In addition to the envisioned Academy of Education Sciences, the bill calls for creating three centers: one each on research, evaluation, and statistics. Each center would be headed by a commissioner, chosen by the academy’s director to serve six years.
The president would select both the director of the academy—whose position would supplant that of assistant secretary for research—and the 15-member national advisory board. Like the three center commissioners, the director would serve six years. All four still could be removed from their jobs by the officials who appointed them.
By distancing the research functions from the agency’s highest ranks and lengthening the terms of the officials who oversee those operations, the bill’s architects say they hope to shield the work from changing political winds.
To pay for the new structure, the Castle bill recommends authorizing $400 million for the academy in the first year—twice the amount that goes strictly for education research now. Another $301 million would be authorized for regional technical assistance, the National Assessment of Educational Progress, and the NAEP governing board.
As critical as the Congress has been of their work, groups representing researchers see some benefits in the proposed changes to the current setup.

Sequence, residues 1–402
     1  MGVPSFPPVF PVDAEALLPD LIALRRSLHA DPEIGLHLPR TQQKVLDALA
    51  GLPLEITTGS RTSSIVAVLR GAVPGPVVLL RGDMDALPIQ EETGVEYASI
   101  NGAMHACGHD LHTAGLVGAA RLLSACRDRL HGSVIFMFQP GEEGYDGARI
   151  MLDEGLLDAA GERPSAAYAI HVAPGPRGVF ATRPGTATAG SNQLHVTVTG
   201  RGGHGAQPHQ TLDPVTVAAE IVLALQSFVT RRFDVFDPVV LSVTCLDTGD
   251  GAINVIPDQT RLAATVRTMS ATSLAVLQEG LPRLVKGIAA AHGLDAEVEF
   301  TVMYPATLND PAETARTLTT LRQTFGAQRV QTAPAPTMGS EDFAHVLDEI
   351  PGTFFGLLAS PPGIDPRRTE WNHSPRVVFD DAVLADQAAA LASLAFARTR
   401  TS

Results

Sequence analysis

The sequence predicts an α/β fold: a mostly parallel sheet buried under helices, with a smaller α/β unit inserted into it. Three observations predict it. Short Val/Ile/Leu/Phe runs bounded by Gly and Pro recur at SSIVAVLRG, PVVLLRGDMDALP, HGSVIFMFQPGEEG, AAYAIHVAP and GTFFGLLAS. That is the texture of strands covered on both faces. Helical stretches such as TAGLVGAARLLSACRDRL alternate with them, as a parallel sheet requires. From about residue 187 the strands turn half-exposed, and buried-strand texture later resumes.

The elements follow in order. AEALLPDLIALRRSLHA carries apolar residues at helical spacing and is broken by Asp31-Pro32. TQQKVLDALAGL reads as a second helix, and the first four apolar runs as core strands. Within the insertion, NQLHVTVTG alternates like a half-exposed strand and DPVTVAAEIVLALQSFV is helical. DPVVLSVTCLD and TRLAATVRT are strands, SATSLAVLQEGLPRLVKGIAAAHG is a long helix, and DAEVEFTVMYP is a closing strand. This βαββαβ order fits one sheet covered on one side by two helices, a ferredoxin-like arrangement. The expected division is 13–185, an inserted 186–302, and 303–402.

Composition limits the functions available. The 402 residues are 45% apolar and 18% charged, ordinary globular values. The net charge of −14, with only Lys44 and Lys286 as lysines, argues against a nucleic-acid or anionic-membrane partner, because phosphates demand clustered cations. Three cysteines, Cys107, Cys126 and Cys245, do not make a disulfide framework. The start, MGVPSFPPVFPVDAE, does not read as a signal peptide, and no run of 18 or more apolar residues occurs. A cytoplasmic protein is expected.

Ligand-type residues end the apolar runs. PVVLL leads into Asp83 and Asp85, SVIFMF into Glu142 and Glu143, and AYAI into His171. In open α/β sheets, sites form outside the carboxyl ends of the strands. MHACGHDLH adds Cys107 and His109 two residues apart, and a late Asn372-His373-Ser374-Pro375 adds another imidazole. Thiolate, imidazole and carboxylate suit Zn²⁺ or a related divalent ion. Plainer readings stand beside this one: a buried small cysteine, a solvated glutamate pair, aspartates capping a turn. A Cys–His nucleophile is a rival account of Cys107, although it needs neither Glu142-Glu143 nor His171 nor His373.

“Over time, we may see this building a culture of sufficient independence so that the agency can achieve its objectives, " said Gerald R. Sroufe, the government-relations director for the Washington-based American Educational Research Association.
Enter the Senate
A few of the bill’s provisions, however, remain controversial with some segments of the research community.
One is its call to combine the federal money earmarked now to support a wide array of regional education laboratories, clearinghouses, and technical-assistance centers. Under the House plan, the money would finance at least two entities in each of 10 regions around the country to provide technical help and research-and-development services for local education agencies. Lawmakers said the idea behind the new arrangement, which would temporarily “grandfather” the regional education labs operating now, is to inject competition into the system.